Tories feel a referendum on tax varying powers difficult to win.
There are many Conservative Assembly Members and Members of Parliament that don’t think a referendum on tax varying powers can be won.
If a ‘yes’ campaign in such a referendum is as good as lost then it’s highly unlikely that the referendum will ever see the light of day.
But Tories in both Westminster and Cardiff Bay want the Welsh Government to take responsibility for many taxes including income tax.
Their view is simple if the Welsh Government had responsibility for raising taxes it would be a great deal more circumspect on how it spent the money.
Currently Wales has plenty of representation to make laws, but no direct taxation to pay for those laws, the opposite of the situation that led to Britain losing its American colonies.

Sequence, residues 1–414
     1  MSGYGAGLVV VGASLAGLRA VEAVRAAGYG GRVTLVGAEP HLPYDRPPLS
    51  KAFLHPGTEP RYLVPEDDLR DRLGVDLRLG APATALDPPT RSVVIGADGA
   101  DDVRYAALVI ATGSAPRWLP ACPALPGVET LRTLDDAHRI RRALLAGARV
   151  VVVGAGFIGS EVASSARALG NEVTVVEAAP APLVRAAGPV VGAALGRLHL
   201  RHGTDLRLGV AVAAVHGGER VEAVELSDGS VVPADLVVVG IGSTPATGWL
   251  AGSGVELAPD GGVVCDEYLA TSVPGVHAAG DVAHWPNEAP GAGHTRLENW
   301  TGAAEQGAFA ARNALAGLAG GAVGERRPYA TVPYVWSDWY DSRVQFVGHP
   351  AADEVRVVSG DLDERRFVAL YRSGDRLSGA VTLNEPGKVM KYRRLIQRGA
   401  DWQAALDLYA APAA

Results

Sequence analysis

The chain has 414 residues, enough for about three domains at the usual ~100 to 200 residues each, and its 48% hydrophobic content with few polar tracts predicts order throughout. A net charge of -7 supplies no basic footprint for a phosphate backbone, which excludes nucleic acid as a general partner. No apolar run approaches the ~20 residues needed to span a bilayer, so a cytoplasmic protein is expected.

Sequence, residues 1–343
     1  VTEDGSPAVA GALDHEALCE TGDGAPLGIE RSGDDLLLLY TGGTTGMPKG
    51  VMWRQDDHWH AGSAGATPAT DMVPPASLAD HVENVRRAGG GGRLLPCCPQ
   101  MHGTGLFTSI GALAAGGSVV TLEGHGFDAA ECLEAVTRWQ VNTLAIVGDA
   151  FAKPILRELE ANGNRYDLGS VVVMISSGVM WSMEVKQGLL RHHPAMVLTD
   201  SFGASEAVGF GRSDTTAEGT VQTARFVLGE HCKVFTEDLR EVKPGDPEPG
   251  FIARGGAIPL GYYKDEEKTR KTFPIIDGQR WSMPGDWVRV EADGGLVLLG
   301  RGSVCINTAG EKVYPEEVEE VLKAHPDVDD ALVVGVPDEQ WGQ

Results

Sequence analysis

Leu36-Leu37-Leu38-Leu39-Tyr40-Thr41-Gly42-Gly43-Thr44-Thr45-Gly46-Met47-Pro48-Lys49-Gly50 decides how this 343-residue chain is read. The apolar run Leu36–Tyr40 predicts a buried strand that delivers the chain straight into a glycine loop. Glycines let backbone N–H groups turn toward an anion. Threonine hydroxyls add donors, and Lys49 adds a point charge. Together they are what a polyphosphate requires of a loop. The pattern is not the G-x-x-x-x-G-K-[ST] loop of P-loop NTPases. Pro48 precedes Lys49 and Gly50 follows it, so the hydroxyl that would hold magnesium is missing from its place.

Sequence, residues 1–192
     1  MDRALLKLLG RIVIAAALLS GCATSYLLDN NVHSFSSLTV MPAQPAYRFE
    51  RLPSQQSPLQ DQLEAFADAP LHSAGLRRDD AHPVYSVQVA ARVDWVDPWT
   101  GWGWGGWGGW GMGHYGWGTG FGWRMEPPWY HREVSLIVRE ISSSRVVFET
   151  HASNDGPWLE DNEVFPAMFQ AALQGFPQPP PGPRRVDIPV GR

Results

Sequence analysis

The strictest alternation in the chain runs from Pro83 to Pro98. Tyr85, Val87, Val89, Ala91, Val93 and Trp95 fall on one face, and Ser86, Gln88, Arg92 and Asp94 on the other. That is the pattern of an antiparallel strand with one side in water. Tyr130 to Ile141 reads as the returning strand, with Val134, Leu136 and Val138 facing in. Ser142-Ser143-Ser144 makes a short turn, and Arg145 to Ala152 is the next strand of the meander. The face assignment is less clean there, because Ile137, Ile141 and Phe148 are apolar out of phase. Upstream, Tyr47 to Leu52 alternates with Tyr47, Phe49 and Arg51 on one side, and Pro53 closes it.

Carwyn Jones, Wales ‘s First Minister, is probably happy with the status quo. He can devise a programme of government on the grant he receives from central government. If there’s not enough in the coffers he can blame them for the cuts. How often has he said it’s “all the Tories’s fault”?
If taxation was to firmly rest within the Assembly’s powers, the Westminster Government could say “If you want more cash to spend, raise it.”
It’s the prospect of a referendum that is stopping any movement on this front. Nothing can happen until the people have spoken.
Referendum to be dropped?
That’s why the Tories will drop the need for a referendum. It’s not if, but when?
David Cameron may pave the way for an about turn on this matter when he visit’s the Royal Welsh this week. With the announcement being made at the Tory party conference and expect it to feature in the next Wales Bill.